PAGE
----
|Gavins Point Dam on a day that looks eerily |
similar to the one described in this post.
Photo: U.S. Army Corp of Engineers
We both thought it would be best if Jim drove the little fishing boat, although, neither of us was the most experienced. Okay, I had no experience since I was a young boy sitting on my grandpa’s lap on a lake in Minnesota. That probably doesn’t count.
The boat puttered painfully slow – no more than five miles per hour. As we went across the choppy waves at Gavins Point Dam in South Dakota, the boat we rented would rock back and forth. Jim, one my best buddies from high school, was in total control though. A cigarette hung from his mouth as he steered the boat with one hand while straddling the back seat so he could see where we were going.
We traveled several miles up the shoreline, found what appeared to be an ideal place to fish and dropped our lines in.
Neither of us are great fishermen, but that didn’t matter. We were there for a weekend of fun and fishing. No tents for us either. We stayed in a hotel. And we certainly were not dependent on what we caught for dinner. Thankfully.
As is typically the case for me when I go fishing with friends, we had our share of bites as the morning wore on, but no success in landing the big one.
|Me (left) and Jim (right) on the night before he|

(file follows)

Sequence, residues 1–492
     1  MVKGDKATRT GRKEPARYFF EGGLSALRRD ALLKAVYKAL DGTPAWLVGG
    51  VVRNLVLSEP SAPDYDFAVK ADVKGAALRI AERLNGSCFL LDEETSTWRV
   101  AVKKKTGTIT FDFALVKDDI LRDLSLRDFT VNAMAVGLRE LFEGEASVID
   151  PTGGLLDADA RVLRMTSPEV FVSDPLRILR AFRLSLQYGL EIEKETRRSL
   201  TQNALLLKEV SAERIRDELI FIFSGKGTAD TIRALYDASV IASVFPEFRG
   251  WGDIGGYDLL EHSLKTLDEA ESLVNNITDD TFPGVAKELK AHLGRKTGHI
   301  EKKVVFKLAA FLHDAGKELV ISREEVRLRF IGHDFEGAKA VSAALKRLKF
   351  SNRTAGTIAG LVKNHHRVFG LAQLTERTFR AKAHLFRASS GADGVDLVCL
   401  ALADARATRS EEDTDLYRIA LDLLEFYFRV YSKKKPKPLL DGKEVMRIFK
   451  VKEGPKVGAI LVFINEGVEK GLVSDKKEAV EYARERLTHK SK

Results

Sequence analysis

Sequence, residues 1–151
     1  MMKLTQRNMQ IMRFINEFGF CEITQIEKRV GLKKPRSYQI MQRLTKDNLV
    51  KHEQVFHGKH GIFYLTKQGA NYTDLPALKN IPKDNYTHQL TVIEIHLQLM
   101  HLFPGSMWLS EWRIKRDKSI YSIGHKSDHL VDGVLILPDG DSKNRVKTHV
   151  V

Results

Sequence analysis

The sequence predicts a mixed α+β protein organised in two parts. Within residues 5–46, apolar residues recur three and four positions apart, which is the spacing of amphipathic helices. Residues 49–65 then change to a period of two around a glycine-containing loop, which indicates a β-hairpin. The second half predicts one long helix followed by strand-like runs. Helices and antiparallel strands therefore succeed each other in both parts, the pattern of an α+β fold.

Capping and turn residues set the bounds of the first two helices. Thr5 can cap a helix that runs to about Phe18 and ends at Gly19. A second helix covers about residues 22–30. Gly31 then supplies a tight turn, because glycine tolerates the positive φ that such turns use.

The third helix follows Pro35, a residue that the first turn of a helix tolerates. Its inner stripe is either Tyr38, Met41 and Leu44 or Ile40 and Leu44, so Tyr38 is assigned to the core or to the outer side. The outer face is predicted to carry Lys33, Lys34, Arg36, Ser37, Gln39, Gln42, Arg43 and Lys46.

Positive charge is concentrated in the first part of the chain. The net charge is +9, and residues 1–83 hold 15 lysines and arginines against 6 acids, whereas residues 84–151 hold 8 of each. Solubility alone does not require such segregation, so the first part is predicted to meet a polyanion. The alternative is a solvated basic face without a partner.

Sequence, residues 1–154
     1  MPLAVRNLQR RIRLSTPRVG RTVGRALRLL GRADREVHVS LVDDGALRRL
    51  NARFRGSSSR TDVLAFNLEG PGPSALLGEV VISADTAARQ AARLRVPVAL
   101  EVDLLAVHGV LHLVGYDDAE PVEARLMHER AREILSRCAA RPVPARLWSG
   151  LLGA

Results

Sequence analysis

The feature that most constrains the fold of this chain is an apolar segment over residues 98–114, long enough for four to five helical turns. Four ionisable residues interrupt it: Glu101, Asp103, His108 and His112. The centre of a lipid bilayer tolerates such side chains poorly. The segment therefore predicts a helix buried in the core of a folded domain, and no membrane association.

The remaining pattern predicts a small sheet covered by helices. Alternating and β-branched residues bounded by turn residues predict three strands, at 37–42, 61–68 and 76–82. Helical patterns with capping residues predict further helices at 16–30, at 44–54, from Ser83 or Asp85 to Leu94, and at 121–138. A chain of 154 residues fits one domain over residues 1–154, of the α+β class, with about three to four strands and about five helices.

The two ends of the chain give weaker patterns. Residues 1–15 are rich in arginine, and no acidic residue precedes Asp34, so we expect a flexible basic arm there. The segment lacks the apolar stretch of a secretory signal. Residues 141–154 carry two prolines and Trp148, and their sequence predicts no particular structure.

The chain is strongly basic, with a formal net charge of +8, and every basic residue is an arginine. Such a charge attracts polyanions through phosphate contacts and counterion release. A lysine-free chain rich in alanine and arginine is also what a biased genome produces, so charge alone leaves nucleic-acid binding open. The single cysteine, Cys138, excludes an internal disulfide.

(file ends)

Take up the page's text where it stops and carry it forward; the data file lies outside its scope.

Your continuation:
shipped off to Iraq for a year-long tour of duty in 2007.
A few minutes later, the waves began to get more violent. Our choices didn’t thrill me. We could do nothing and try to wait out the storm. We could pull to the shore, out in the middle of the boonies, and try to wait out the storm, but there was nowhere to take cover. Or we could try to putter our way back to the dock, driving straight through the storm.
Keep in mind that The Perfect Storm had not yet been released. If it had been, we may have chosen one of the other two options.
No matter which option we took, we were going to get soaked. So, we pulled in our lines and headed for the dock in the slowest boat in the history of the world. I wasn’t even sure if the motor could navigate the increasingly choppy waves.
Rain began to fall shortly after we headed for the dock – which we couldn’t even see yet. Then the heavens opened up and I was expecting to see Noah’s Ark come floating by. Thunder rumbled overhead. This could get interesting.
The rain stung our faces as the boat fought against the waves. A third of the way into our trek, a much larger boat with official lettering on it sped by us in the opposite direction, and one of the men on board pointed us back toward the dock.
Yeah, we figured that one out already buddy. You want to give us a hand?
They must have had more confidence than we did in the boat because they kept going.
As the dock came into view, Jim and I laughed – partially out of relief and partially out of the silliness of the situation. Our clothes were stuck to our bodies. All of our possessions were drenched. And we both knew that if you added up our experience with boating on such a big body of water, especially in conditions like this, it would still equal nothing.
We made it back safely, pretending like it was no big deal, but happier than ever to see wet land. We drove back into town and had a nice meal, talking about the storm the entire time and knowing this would be a story for the ages.
And even though this happened a good twenty years ago, it really was one for the ages. But the funny thing is, I still love a good thunderstorm.